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A Middle English Reader and Vocabulary by Kenneth Sisam, J. R. R. Tolkien

By Kenneth Sisam, J. R. R. Tolkien

This hugely revered anthology of medieval English literature positive aspects a number of well-chosen extracts of poetry and prose, including popular stories from Arthurian legend and classical mythology, in addition to the allegorical poem "Piers Plowman" and John Wycliffe's translation of the Bible. contains notes on every one extract, appendices, and an intensive word list through J. R. R. Tolkien.

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There is more animation in the Duncombe of'Mr Harrison's Confessions', which already gives a spectrum of small town society. The same year-1851-the first episode of Cranford made its appearance in Dickens' Household Words, with the title 'Our Society at Cranford'. On her own admission Elizabeth Gaskell 'never meant to write more',4 but Dickens and his readers refused to be satisfied without further chronicles of the little town, and Cranford finally appeared in book form in 1853. Its popularity was and has remained such that 'Cranford' has become almost a generic term, and 'Cranfordian' a qualification applicable to any of the small towns that recur in her work.

Later, in her dreams, the sea becomes a symbol both of human cruelty and of a yet more terrible unknown. Carrying her son in her arms, she seems to be pursued both by her former lover, determined to claim his child, and by the unrelenting tide. '28 In Sylvia's Lovers the sea fills a dual role; it is the Protean element, always alive and always beautiful, and it is, more mysteriously, the 'type of eternity'. '29 Its very neighbourhood spells exhilaration, and even though Sylvia connects it Jater with the loss of her lover she still sometimes finds solace in watching from the shore 'the advancing waves catching the sunlight on their crests, advancing, receding, for ever and for ever, as they had done all her life long ..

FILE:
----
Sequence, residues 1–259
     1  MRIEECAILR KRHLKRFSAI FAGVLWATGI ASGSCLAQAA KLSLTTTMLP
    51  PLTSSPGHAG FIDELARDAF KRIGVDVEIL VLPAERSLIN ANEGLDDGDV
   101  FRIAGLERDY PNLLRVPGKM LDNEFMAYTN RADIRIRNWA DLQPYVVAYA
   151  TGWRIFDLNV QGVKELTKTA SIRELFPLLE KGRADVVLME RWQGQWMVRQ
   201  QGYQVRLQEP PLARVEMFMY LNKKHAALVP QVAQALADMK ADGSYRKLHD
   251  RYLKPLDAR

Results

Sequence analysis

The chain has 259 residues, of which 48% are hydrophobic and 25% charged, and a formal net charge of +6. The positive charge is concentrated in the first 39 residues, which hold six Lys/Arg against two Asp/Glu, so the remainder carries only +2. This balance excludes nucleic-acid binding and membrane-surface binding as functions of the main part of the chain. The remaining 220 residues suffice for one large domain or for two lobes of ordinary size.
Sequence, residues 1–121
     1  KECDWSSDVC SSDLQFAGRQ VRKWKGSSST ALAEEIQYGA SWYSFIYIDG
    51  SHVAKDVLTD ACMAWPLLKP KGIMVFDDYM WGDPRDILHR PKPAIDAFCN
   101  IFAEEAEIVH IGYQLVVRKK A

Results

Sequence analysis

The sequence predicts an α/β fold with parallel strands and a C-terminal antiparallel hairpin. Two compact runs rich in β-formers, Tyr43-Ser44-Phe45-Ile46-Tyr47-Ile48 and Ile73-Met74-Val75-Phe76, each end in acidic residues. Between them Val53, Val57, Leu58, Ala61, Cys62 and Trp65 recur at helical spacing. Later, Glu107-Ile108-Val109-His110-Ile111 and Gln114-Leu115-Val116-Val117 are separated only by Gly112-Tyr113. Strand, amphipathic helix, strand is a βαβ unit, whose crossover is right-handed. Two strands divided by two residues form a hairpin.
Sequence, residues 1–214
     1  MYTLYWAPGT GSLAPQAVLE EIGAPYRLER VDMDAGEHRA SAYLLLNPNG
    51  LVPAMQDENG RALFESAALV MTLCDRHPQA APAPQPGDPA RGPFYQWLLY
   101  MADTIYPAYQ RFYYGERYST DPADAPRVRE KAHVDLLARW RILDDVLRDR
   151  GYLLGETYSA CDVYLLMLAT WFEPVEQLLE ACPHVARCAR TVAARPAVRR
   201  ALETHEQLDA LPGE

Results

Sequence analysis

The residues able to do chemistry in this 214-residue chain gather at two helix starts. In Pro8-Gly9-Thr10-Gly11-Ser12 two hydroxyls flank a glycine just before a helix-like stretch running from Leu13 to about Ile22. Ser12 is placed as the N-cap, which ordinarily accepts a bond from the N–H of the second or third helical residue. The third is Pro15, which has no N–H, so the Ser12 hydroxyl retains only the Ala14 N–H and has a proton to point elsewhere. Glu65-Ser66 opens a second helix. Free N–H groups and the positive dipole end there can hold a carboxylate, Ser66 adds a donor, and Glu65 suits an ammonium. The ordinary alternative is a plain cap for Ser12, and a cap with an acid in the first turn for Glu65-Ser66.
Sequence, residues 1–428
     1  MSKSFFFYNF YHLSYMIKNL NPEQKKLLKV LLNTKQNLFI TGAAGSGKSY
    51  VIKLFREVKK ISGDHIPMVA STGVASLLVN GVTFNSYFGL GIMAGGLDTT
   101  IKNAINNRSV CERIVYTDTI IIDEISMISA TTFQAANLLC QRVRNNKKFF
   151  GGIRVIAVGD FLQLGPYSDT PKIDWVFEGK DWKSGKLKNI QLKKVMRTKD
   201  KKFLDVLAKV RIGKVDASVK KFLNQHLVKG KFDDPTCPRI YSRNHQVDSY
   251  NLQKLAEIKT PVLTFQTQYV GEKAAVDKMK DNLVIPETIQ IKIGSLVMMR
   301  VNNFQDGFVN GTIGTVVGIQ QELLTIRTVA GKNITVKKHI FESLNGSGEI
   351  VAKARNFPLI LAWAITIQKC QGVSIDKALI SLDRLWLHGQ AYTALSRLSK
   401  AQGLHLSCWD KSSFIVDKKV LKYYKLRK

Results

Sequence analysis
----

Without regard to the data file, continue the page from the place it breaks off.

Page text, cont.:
Ch. I) Here, like Constable, she paints not only the view but the season, the weather, the time of day. 20 One can recognise here the salient features of her landscapes: the keen observation, the effortless selection of concrete detail, the instinct for composition which blends them into a harmonious unity, the sense of movement which permeates the whole. The freshness which characterises her descriptions owes much to the keenness of her sensory perception. She herselfsaid that she liked 'a smelling and singing world', 21 instinctively giving priority to the sense which has the fewest 'literary' associations.

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